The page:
Tectrade is pleased to announce it it working with Imperial College in London to provide a centralised storage and data management platform that meets high performance computing (HPC) requirements. The new system, comprising technologies from Dell, IBM, Arcastream and Excelero, provides for the secure and organised long-term storage of vast quantities of digital research data.
The Tectrade-designed solution was chosen following a competitive tender on Lot 4 of the SSSNA framework. Tectrade’s expertise in high performance computing, storage and data protection was a key factor in the decision. As was its ability to deliver a complete disaster recovery capability that enhanced Imperial’s operational resilience. However, the most important consideration was that it did not tie the college into any one vendor’s hardware. As the plan for the system is to be in production for at least a decade, Imperial needed the flexibility to mix technology over time, which Tectrade could offer.
“Universities need to keep up with the digital life of their students and researchers by eliminating the risk of data loss and operational interruptions. To efficiently support, protect and recover data and applications they need the right IT infrastructure, which we’re honoured to have helped Imperial achieve” says Mike Rickards, Associate Director at Tectrade.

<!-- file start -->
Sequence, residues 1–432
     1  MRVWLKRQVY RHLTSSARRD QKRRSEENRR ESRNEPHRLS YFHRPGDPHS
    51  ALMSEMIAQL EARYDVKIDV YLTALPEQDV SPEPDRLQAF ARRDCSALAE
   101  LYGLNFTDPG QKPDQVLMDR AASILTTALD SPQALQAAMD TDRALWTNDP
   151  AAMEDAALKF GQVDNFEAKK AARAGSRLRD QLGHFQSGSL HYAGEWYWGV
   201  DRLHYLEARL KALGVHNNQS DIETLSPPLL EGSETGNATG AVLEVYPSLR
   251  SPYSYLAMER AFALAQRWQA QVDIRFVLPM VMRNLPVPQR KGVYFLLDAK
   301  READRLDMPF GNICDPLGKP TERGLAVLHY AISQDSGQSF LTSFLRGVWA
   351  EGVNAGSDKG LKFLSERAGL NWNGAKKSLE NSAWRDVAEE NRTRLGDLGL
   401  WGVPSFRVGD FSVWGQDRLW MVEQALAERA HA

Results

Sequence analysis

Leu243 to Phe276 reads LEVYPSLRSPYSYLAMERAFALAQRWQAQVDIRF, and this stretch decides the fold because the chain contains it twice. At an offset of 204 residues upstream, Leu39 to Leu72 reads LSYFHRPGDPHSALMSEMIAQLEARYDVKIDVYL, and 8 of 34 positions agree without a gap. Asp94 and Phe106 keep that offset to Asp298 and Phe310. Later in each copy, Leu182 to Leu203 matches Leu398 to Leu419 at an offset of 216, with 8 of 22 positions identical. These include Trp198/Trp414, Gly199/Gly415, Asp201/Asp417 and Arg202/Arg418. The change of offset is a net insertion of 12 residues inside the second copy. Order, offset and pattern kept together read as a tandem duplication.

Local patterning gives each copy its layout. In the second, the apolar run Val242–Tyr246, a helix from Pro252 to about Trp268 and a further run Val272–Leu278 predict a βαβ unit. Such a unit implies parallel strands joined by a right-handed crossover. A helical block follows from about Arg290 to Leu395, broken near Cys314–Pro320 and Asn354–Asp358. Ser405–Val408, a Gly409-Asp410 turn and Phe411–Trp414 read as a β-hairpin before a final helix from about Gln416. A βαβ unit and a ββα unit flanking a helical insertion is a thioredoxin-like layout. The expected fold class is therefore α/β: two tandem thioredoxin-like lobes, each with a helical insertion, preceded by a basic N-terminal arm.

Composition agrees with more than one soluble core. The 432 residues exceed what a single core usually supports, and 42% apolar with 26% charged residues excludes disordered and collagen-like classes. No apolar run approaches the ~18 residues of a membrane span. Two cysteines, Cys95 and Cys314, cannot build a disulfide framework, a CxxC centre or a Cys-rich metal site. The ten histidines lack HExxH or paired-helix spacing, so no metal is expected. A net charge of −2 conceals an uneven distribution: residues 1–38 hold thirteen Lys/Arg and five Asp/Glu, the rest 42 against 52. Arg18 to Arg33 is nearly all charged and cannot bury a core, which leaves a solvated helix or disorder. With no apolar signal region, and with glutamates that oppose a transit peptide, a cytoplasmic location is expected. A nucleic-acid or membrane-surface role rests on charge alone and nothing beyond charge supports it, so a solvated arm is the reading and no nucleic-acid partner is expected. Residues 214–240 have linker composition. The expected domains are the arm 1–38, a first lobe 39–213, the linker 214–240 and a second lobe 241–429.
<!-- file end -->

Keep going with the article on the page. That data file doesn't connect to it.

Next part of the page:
The new platform replaces over 30 previously siloed storage systems, enabling the college to meet the requirements of the entire research community. It is available across the College, with the heaviest users coming from traditional HPC domains engineering, computational chemistry and the rest of the physical sciences. Researchers dealing with more sensitive data such as personally identifiable information or anonymised health data can also take advantage of an additional secure facility.
“At Tectrade our aim is to help organisations limit system outages and safeguard data whilst benefitting from the time and cost efficiencies of a centralised platform that can be built on long term as needs change” concludes Rickards.